The Origin of Pearls


Do all Oysters have pearls in their shells? How does a pearl help the oyster? Does it? How does a pearl form? Here are the answers to those commonly asked questions. 

It starts out when an oyster is just sitting there, sucking in food that is floating around in the ocean (you know, algae, little pieces of rotten meat, or whatever oysters eat), when in comes a piece of sand or debri and gets stuck inside the shell. Oysters are sanitary creatures, and they sure don’t want anything contaminating their food, so, they secrete calcium carbonate (same thing the shell is made of, and also known as nacre) over the debri, totally encasing it with the hard substance. Then, along comes a pearl diver, grabs the oyster and opens it up to get the pearl.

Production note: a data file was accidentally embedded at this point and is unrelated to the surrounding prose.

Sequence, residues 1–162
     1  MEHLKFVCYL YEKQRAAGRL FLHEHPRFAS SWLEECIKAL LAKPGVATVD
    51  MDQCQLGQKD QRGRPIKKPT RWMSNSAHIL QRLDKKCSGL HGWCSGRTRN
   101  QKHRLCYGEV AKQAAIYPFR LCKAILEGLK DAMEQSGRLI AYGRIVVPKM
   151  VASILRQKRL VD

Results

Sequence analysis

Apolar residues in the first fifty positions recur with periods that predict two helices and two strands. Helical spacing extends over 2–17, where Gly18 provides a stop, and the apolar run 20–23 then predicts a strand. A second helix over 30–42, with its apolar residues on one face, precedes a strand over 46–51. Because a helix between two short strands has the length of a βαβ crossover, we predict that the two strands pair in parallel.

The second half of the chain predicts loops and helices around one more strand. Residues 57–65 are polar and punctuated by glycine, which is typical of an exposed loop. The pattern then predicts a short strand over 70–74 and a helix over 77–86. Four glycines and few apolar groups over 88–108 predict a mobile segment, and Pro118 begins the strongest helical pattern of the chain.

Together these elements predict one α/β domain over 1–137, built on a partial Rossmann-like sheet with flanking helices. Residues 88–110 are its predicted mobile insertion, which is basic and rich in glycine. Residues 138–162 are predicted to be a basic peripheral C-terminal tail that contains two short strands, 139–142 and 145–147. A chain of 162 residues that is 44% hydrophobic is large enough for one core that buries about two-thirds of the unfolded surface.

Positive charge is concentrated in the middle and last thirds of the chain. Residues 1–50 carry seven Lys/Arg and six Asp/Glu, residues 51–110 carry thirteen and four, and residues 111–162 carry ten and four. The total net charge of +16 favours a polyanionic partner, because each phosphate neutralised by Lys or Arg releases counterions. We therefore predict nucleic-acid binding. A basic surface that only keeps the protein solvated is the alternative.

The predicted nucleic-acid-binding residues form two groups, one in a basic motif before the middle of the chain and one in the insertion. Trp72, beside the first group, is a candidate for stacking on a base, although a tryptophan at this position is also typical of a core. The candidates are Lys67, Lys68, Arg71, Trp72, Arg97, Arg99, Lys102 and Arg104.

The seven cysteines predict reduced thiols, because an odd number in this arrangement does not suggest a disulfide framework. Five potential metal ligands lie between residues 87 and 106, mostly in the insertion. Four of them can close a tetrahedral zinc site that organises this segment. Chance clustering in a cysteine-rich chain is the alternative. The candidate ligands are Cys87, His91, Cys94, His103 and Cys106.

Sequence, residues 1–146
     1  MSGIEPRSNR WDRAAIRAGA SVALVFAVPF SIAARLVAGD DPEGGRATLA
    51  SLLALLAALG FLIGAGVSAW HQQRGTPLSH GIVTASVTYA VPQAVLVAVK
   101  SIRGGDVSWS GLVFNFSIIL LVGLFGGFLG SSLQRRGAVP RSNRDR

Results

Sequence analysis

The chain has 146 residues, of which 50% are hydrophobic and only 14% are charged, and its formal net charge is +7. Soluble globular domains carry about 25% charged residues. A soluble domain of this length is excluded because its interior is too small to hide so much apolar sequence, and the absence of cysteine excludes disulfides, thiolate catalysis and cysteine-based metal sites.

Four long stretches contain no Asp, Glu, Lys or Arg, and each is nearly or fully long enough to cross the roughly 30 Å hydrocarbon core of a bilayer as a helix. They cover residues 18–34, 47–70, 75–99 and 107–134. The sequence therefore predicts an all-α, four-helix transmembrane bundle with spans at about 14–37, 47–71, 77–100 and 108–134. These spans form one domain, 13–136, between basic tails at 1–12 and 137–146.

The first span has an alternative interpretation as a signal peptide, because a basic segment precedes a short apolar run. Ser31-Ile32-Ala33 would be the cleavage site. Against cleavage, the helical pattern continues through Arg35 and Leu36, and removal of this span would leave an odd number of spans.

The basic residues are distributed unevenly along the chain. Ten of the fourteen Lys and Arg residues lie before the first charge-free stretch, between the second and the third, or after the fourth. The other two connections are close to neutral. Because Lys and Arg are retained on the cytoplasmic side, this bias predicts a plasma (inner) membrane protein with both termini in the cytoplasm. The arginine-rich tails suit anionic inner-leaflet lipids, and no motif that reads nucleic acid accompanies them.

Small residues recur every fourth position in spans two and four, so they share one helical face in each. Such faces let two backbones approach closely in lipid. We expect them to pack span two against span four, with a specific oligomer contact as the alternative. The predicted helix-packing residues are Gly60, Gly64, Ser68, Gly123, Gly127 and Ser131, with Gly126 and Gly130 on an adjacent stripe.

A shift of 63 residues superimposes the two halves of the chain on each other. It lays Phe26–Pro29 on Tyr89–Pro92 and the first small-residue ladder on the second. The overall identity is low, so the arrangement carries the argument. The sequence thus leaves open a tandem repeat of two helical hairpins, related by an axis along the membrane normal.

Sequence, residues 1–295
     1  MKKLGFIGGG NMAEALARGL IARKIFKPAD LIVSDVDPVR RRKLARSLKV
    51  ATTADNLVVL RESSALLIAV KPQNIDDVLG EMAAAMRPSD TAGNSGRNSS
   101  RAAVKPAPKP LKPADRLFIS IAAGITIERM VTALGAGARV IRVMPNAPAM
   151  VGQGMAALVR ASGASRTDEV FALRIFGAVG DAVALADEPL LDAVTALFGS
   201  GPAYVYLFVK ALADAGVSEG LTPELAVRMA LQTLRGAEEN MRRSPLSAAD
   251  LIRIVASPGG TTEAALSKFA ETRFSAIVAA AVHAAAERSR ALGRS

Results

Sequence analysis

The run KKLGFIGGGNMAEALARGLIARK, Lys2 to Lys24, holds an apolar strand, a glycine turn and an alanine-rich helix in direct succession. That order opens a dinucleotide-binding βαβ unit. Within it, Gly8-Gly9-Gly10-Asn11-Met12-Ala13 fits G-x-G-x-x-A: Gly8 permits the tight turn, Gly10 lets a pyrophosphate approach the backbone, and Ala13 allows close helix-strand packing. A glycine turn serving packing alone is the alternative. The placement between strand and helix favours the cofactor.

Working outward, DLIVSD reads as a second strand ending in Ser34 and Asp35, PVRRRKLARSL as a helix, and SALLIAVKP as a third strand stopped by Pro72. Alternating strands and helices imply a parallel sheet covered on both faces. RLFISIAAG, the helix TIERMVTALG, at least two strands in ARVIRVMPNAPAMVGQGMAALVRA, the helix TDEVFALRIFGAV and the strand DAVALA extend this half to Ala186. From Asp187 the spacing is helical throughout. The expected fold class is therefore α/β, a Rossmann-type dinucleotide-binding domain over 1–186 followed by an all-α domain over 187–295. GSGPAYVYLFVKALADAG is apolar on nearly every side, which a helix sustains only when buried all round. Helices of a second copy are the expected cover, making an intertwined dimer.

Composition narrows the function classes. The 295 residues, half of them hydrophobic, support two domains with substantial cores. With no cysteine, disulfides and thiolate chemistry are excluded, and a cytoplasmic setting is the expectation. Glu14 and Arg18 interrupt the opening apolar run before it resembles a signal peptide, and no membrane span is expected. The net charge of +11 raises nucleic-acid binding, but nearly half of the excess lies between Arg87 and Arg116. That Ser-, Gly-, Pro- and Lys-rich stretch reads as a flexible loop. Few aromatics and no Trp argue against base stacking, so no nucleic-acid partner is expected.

Nowadays, people culture oysters in oyster farms and put a grain of sand into the oyster’s shell, and come back a few years later to collect the pearls. Pearls that are not pefectly round are called baroque pearls, and are worth considerably less than pearls that are perfectly spherical. I bought a string of 70 baroque pearls for $3 at a gem show, and even though they are not valuable, they are beautiful, some having little points on them.

What many people do is put tiny statues inside instead of sand grains, and the nacre forms over the ridges and carvings, forming a pearl replica of the statue.



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